developing treatments specifically for the patient - and one day,
routine decoding at birth could provide parents with a genetic
instruction guide to their children's future ailments. But this concept
of genome sequencing as a standard medical procedure raises several
privacy issues, as there is nothing more personal than your genetic
code. Who should have access to this information, and how easily
attainable would this data be for others? For example, should only the
patient and physician share this knowledge, or should health insurance
companies be privy to this valuable genome report? Technology vendors
will have to work with the healthcare and medical industries to figure
out the answers to these questions, and then develop the appropriate
security protocols. Healthcare and life science IT vendors should
utilize the expertise of other industries, such as the banking and
credit card industry, that also require high levels of security in
their day-to-day workflow to aid in the development of software to
ensure patient privacy.

Thus far, the race to the $1,000 genome is neck-and-neck. Currently,
the lack of software and sufficient data storage are major obstacles
that next-generation sequence providers are attempting to hurdle.
Technology vendors can help them cross the finish line faster by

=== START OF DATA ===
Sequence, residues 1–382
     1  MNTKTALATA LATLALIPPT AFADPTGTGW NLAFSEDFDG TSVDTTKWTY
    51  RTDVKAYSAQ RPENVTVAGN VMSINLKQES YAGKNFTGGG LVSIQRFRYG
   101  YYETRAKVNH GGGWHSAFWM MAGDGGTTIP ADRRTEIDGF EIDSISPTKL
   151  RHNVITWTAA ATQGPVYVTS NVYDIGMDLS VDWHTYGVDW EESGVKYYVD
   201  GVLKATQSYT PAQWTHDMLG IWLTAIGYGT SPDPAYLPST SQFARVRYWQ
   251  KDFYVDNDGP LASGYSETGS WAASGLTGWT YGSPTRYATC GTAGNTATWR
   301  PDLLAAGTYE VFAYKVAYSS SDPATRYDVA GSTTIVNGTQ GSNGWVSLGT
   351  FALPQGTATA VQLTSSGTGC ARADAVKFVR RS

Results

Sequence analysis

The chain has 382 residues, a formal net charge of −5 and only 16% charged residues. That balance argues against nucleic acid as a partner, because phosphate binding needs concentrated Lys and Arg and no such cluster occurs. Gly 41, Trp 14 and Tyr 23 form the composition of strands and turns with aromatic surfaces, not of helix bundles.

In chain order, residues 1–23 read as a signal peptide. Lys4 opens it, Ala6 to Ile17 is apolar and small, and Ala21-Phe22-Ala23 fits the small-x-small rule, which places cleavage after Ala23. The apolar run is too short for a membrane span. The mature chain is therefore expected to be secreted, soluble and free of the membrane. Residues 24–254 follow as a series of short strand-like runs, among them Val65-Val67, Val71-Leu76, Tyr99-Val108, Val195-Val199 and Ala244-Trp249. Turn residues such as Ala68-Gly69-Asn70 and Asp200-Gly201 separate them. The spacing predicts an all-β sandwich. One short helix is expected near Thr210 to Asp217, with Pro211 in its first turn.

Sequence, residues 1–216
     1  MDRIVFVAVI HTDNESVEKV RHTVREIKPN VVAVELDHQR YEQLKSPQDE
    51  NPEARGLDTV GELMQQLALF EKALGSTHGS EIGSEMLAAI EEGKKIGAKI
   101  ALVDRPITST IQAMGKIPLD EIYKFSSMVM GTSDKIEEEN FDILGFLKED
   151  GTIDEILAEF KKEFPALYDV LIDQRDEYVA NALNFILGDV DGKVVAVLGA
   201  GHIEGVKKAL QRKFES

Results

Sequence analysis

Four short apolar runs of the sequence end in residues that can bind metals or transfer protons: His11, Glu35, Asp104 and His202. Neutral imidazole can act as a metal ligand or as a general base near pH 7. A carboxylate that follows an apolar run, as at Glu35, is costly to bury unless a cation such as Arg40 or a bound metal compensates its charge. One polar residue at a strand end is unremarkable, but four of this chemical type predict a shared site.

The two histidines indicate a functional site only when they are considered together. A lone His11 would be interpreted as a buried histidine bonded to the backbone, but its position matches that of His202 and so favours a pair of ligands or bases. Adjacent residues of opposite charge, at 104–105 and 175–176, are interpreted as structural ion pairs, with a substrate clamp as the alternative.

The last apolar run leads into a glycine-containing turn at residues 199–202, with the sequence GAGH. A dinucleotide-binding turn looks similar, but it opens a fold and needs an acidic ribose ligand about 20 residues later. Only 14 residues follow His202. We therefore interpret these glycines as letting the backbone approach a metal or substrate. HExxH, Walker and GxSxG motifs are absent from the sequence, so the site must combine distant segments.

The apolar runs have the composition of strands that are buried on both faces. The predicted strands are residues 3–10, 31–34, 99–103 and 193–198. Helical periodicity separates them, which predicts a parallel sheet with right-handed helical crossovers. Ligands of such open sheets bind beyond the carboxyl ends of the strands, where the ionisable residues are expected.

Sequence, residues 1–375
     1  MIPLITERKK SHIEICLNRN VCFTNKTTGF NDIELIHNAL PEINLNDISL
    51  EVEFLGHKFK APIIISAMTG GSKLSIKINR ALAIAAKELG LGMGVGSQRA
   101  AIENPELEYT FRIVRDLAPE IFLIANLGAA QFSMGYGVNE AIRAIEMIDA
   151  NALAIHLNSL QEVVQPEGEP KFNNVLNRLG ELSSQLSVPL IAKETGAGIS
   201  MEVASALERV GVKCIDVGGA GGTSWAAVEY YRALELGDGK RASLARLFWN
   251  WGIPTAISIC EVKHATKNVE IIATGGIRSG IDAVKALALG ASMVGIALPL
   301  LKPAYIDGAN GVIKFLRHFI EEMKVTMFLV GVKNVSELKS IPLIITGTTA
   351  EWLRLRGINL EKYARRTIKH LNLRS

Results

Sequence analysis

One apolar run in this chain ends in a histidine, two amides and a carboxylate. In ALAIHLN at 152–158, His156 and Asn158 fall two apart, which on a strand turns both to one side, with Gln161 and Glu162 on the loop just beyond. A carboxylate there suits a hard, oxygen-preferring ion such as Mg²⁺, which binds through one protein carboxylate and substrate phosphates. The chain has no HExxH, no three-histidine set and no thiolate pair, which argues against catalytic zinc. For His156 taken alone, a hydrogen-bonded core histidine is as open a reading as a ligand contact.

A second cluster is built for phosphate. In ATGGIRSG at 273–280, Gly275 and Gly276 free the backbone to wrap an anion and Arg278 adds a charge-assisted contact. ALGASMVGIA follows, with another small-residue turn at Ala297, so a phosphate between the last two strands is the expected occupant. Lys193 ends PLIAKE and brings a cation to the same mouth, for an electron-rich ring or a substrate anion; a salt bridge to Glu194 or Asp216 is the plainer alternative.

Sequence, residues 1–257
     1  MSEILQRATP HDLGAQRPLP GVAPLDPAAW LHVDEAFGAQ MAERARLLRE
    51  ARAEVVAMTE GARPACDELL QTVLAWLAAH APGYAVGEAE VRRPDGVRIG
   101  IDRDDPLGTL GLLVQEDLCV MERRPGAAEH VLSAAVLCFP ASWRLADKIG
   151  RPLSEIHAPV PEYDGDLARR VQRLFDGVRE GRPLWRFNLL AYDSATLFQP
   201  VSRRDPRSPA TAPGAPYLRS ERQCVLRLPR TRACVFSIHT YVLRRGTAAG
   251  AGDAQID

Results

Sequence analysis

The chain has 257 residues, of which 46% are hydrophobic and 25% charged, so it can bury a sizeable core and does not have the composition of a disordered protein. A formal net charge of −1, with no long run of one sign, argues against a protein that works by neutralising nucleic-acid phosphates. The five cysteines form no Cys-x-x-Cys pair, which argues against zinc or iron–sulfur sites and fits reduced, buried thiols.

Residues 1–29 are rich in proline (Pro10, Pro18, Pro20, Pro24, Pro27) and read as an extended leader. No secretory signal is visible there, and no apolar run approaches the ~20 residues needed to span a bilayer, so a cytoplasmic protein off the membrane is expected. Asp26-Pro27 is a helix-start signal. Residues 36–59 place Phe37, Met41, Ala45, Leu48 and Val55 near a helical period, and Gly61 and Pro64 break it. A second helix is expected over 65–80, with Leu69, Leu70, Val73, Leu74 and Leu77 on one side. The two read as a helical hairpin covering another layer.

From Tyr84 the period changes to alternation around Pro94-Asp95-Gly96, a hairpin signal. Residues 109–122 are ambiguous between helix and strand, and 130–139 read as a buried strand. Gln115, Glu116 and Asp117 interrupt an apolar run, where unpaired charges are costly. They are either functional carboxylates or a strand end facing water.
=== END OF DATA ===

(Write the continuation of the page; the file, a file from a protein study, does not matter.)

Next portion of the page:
providing robust data management and storage systems and working with
the healthcare and life science industries to develop relevant software
applications. The research and medical communities are anxiously
watching this race to the finish. Who will win the coveted $10 million
Archon X Prize? Who will dominate this multi-billion dollar market?
ENDS Notes to Editor: Ruchi Mallyais an analyst on Datamonitor's
Public Sector Technology team, covering the life sciences. Her research
focuses on the usage of technology in the pharmaceutical and
biotechnology markets. Prior to joining Datamonitor, Ruchi was a
research scientist at Roche Pharmaceuticals, where she specialized in
human genetics and pharmacogenomics. She applied pharmaceutical
technologies to explore potential drug targets and the effect of
genetic variation on drug response in patients. Ruchi was also an
engineer at Con Edison, New York City's utility company, where she
created and applied steam distribution models in an effort to increase
system efficiency. In addition, she conducted surveys of large steam
customers aimed at improving recovery from system failures.Ruchi holds
a Master's degree in Biomedical Engineering from Columbia University
and a Bachelor of Engineering degree in Chemical Engineering from The
Cooper Union for the Advancement of Science and Art.

Datamonitor's most recently published Pharmaceutical Technology reports
include: - Addressing Key Challenges in Drug Safety - 2008 Trends to
Watch: Pharmaceutical Technology - Business Trends: Pharmaceutical
Technology - Translational Medicine: Bridging Pharmaceutical Discovery
and Development with IT - Streamlining Information in the
Pharmaceutical Industry with PLM - Bringing Drugs to Market: The Role
of CRM in Improving Sales & Marketing

CONTACT: Krishna Rao, Datamonitor, London
Tel: +44 (0)20 7551 9336
e-mail: krao@datamonitor.com
Suzanna Eygabroat, Datamonitor, New York
Tel: +1 585 374 6236 ext 17
e-mail: seygabroat@datamonitor.com
Denis Mason, Datamonitor, Sydney
Tel: +61 2 8705 6903
e-mail: dmason@datamonitor.com

((M2 Communications Ltd disclaims all liability for information
provided within M2 PressWIRE. Data supplied by named party/parties.
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http://www.presswire.net on the world wide web. Inquiries to
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Copyright ? 2008 M2 Communications Ltd.